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Logging half-open conections to blocked Windows ports

Unanswered Question
Jan 25th, 2014
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Background:


Usually when we have a problem with a VPN user attempting to connect

to an inside service, we turn to our ASA syslogs to determine where the

connection is being prohibited (or other errors such as the user trying

to connect to the wrong machine.)  This works fine for normally configured

(UNIX) servers which send an ICMP reject message.  Recently we had to

diagnose problems connecting to an inside Windows device, and although

the VPN client had attempted to connect, no log message was produced

because the connection never got a TCP RST nor ICMP reject.


From what I can suss out from MSDN, turning off "stealth mode" on Windows

boxes to return those boxes to sane ICMP reject behavior is either not completely

supported, or at the very least misguidedly discouraged by Microsoft, and so I

might not be able to convince various Windows administrators to alter this policy.


Question:


Is there a way to get log messages bearing the IP tuples for TCP and/or UDP

incomplete connections where the ASA sees only packets destined for an inside host?

This would be for a small number (<50) of VPN remote clients, so we

are not very worried about a DDOS saturating the logs -- these packets are

not attacks just mistakes.


We would need this to happen even for single packets, and without actually

dropping traffic from the initiator, so threat-detection probably won't do the

trick here, unless it can be made to audit-only on single packets.


VPN is all this ASA device is doing, so it likely an afford the CPU for configurations

normally deemed too CPU intense.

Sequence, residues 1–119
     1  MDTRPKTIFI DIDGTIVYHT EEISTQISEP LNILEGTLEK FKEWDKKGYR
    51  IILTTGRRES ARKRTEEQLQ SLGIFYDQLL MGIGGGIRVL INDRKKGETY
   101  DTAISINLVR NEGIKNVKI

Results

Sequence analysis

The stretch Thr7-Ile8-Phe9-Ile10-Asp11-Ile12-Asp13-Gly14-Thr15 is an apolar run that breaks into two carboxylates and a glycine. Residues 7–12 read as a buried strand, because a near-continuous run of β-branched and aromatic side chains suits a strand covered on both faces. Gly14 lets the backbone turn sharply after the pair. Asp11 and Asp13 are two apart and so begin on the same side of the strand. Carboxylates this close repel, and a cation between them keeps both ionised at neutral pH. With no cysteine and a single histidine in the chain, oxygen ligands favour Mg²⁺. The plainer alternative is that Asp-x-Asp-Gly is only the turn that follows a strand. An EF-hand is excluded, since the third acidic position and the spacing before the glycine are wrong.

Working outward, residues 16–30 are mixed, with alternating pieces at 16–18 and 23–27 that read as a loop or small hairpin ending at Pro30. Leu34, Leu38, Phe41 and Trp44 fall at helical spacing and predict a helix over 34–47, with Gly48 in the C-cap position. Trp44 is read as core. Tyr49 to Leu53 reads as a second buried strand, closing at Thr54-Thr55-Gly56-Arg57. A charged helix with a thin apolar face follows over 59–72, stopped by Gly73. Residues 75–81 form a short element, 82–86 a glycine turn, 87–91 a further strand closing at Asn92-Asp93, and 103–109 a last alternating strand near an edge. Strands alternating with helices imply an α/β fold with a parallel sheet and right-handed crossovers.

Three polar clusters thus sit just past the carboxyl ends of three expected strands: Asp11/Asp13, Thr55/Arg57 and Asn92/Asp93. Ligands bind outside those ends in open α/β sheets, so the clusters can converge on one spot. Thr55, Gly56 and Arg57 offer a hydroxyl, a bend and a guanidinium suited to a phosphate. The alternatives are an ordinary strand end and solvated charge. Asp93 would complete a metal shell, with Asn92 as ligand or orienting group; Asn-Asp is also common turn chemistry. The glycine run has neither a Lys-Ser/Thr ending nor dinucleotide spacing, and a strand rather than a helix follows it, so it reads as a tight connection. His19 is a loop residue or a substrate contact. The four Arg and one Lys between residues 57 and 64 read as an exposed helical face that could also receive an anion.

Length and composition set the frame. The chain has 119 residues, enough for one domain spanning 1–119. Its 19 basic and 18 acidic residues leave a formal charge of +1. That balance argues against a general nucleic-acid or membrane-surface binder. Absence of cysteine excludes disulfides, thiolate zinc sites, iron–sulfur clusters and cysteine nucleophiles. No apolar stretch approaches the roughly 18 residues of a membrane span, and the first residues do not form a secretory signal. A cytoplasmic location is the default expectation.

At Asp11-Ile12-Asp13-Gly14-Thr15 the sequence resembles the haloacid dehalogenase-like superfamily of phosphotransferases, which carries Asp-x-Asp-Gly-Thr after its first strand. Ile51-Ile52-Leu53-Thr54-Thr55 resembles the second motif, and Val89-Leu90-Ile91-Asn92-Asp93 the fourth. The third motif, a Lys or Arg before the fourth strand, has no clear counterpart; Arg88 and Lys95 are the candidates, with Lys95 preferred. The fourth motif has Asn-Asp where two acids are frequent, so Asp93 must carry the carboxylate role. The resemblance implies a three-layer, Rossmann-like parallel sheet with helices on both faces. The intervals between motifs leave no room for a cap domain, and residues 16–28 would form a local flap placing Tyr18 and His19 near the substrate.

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Jouni Forss Sun, 01/26/2014 - 03:48
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Hi,


Wouldnt you be essentially looking for connection "Teardown" messages with reason SYN Timeout? As this should be the result if either the ASA doesnt seen the return SYN ACK or the last ACK from the connection initiator? This would usually be generated after 20-30 seconds if the connection doesnt form.


I am not really sure about the UDP. Rarely have to troubleshoot UDP connections. The very rare cases usually relate to Video/Voice and in there I usually see ICMP messages returned for a port that the destination device is not listening on. And while troubleshooting these I tend to take captures on the actual ASA.


Think the Teardown Syslog ID for TCP connections is ASA-6-302013


This is usually the first Syslog ID I look for from the server when someone reports a problem with connectivity.


By default its a Informational level log message or naturally it can be changed to something else if your logging is for example set to Notifications.


Heres the link to the Cisco document about this log message

http://www.cisco.com/en/US/docs/security/asa/syslog-guide/logmsgs.html#wp6941209


- Jouni

Peter Koltl Sun, 01/26/2014 - 23:02
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For live troubleshooting the following command is useful:

show conn detail long


Silent servers are marked with SAa flags.

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